(The following text is based on remarks delivered from brief notes at a lunch hosted by the Melbourne Media Club on 15 March 2001. The lunch took the form of a panel discussion moderated by News Ltd columnist Terry McCrann. The text which follows incorporates numerous additions to the remarks actually made at the lunch.)

Since we have all been given a strict time limit I will structure my comments around brief answers to a series of questions.

1. Is the Australian economy in recession?

Much has been made, since the release earlier this month of data showing that Australian gross domestic product (GDP) contracted by 0.6% in real terms in the December quarter, of whether this constitutes the first of what might be two or more consecutive quarters of negative GDP growth and hence, technically, a recession. In fact economists do not adhere as rigidly to this definition as seems to be popularly supposed. At different times in the past (though not on the latest estimates), the Statistics Bureau has reported consecutive quarters of negative growth in 1977 and 1986 – not usually regarded as recession years, but only one quarter of negative growth in 1974 – which undoubtedly was a recession in anyone’s language. There were also two quarters of negative growth in 1966, which few would recall as having been a recession year.

For what it’s worth, I think it is unlikely that GDP is contracting further in the current quarter. That is, we are not in a recession by this criterion. The employment data released earlier today re-inforce that view. Because the Statistics Bureau uses employment data for the middle month of each quarter to benchmark the wages and salaries component of the income measure of GDP, the fact that employment rose by 0.5% between November and February, compared with a 0.9% decline between August and November, increases the chance that March quarter GDP growth will turn out to have been positive. Given the vagaries of the way in which some of the individual components of GDP are measured, however, the possibility of a second decline can’t be dismissed entirely.

A better criterion for identifying a recession, in my view, is if there is a rise in the unemployment rate of (say) a percentage point or more. By that criterion, we are not yet in a recession – the unemployment rate now having risen by 0.6 of a percentage point from its low in September and October last year – but we may well be by the second half of this year, by which time the unemployment rate is likely to be in the range 7-7%.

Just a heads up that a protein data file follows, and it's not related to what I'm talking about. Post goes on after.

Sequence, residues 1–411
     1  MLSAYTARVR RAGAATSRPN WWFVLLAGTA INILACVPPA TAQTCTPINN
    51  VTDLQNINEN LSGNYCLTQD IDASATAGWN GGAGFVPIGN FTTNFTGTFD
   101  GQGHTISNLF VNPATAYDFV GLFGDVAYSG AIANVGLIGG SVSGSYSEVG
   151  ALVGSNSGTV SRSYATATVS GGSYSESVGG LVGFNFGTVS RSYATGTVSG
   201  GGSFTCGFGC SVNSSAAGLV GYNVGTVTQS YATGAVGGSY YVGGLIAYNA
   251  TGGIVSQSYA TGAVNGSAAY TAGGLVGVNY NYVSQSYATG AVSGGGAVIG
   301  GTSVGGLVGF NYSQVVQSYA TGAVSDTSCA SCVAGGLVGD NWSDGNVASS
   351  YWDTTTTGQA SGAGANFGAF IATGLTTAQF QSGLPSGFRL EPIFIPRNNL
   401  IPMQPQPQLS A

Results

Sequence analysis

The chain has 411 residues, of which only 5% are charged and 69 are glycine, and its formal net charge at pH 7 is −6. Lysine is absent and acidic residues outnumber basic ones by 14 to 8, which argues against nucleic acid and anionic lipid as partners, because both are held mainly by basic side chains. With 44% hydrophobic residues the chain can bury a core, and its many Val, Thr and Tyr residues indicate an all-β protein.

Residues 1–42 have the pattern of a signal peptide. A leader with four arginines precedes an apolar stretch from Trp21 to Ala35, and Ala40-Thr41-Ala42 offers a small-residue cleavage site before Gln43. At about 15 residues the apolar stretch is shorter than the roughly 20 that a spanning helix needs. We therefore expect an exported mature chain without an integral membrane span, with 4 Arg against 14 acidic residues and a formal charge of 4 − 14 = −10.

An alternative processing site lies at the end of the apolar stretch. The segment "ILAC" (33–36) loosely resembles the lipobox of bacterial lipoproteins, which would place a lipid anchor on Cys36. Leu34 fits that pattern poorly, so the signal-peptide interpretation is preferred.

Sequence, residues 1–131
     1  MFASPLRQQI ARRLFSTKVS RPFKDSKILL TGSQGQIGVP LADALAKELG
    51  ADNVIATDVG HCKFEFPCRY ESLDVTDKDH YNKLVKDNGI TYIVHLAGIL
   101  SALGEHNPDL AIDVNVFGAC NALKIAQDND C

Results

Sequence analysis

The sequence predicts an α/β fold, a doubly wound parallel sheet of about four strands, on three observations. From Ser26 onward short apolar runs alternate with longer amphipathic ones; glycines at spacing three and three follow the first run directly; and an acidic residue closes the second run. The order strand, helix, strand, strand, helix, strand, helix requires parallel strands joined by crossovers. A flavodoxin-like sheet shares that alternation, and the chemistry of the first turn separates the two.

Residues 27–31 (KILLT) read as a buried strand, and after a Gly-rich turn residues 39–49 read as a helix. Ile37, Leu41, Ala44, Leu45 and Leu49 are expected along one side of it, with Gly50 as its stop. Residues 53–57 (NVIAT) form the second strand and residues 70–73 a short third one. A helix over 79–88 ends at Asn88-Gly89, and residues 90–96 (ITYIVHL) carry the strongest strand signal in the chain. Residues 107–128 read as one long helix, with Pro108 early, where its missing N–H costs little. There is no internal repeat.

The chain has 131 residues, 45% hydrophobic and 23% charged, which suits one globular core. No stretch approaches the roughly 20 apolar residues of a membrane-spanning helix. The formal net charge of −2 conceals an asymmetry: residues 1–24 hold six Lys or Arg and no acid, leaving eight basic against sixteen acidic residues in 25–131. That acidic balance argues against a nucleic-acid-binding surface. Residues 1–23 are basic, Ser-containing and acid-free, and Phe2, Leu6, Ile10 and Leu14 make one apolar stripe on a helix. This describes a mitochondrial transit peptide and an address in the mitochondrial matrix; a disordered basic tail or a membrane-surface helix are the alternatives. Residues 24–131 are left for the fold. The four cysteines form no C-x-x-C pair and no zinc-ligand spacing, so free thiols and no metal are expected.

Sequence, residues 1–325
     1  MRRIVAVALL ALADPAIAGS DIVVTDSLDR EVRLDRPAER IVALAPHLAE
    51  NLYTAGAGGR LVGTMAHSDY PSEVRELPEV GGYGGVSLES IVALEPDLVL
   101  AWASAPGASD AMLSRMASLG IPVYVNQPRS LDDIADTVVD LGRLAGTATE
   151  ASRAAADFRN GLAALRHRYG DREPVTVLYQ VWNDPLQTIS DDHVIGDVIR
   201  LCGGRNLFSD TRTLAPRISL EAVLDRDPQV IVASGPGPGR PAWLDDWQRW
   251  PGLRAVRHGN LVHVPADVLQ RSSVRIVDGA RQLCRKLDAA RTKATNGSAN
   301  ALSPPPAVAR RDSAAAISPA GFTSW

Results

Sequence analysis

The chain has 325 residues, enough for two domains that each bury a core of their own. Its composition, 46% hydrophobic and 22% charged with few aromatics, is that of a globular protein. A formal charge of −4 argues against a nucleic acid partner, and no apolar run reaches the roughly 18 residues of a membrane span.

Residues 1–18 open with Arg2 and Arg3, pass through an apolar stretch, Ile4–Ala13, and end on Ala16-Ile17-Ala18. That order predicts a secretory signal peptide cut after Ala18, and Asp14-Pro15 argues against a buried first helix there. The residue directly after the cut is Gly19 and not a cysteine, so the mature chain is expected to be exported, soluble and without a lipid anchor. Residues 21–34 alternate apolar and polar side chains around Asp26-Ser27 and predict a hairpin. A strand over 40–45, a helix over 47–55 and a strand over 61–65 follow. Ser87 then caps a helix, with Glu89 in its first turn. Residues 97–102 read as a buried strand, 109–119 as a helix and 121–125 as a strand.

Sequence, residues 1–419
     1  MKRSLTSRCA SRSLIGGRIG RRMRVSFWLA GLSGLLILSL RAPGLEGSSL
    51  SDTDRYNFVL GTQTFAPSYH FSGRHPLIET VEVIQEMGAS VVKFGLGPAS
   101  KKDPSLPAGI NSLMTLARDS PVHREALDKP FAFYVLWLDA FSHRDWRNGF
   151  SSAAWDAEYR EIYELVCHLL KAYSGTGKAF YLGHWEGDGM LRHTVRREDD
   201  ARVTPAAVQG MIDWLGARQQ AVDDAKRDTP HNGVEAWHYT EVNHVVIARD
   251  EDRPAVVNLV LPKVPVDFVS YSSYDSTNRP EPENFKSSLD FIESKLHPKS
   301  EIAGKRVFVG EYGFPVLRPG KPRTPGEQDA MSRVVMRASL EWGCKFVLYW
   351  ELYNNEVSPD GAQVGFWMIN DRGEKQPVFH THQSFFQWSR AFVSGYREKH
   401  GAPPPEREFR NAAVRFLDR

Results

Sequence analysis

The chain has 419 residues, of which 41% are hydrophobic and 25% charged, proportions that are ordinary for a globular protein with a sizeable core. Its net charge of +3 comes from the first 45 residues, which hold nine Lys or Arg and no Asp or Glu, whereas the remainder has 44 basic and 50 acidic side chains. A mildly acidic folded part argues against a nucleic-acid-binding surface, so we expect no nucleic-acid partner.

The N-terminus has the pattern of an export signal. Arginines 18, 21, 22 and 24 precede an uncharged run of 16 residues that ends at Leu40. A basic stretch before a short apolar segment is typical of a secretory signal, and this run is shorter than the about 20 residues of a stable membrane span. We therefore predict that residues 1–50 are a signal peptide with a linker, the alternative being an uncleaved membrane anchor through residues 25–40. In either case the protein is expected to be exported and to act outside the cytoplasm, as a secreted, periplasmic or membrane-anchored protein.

Even if this criterion is satisfied, however, it will be a very mild ‘recession’ by the standards of the recessions of the early 1980s or early 1990s when, let it be recalled, the unemployment rate rose by 5.0 and 5.4 percentage points, respectively.

2. Why has the Australian economy slowed so much ?

The slowdown in the economy since the middle of last year reflects a number of factors which, though each in itself not sufficient to cause a pronounced slowdown, in combination have been enough to bring about that result.

Undoubtedly the biggest single factor precipitating the slowdown was the impact of the new tax system on the construction sector. But it wasn’t the only influence.

Other factors include the impact of the new tax system on business cash flows; the rise in petrol prices; a ‘post-Olympics’ hangover; the $4 billion paid over by households for the final instalment of the ‘Telstra 2’ sale; the inability of firms reliant on imports to pass on the effects of the weaker A$; and rising interest rates.

Nearly all of these were ‘home-grown’. In particular, none of the slowdown in Australia’s growth rate thus far can be attributed to deteriorating economic conditions in our major trading partners.

3. Why did so few economists predict the slowdown?

In fact most mainstream economists did recognize, from around the September quarter onwards, that the economy was slowing. In this respect, and in contrast to their performance during the Asian crisis, they appear to have been ahead of Treasury which revised its forecast for 2000-01 growth upwards in November.

That said, it is true that most economists did not predict that the economy would contract in the December quarter (I certainly didn’t), and since that result was released almost all economists have been revising their growth forecasts lower.

Many economists would appear to have underestimated the economic significance of higher petrol prices (just as politicians appear to have underestimated their political consequences). In circumstances where business can’t pass higher energy or transport costs on in the form of higher prices, and workers’ can’t pursue ‘compensation’ for higher petrol costs through wage increases, higher petrol prices have a similar impact to a rise in taxes or interest rates. There is, of course, a benefit in terms of lower inflation (and hence lower interest rates than otherwise); but in the circumstances of the past nine months there has also been a cost in the form of squeezed profit margins.

Most analysts also underestimated the impact of several aspects of the new tax system on business cash flows – in particular, the effect for some businesses of having to pay GST within 30 days of recording a sale but before cash payment for that sale has been received; and the effects of the bringing forward of business income tax payments as part of the transition to a ‘Pay As You Go’ system.

Since official statistics on company profits in Australia don’t go past the pre-tax level, the effects of these tax changes on post-tax profits was not discernible from ABS data. Moreover, since these and other data are published in accrual accounting terms, the impact on cash flows was not readily apparent.

Presumably, however, these cash flow difficulties were one of the factors behind the deterioration in the various measures of business confidence evident over the course of last year – although spokespeople for many of the organizations which compile these surveys seemed inclined to place most of the blame on the Reserve Bank’s increases in official interest rates.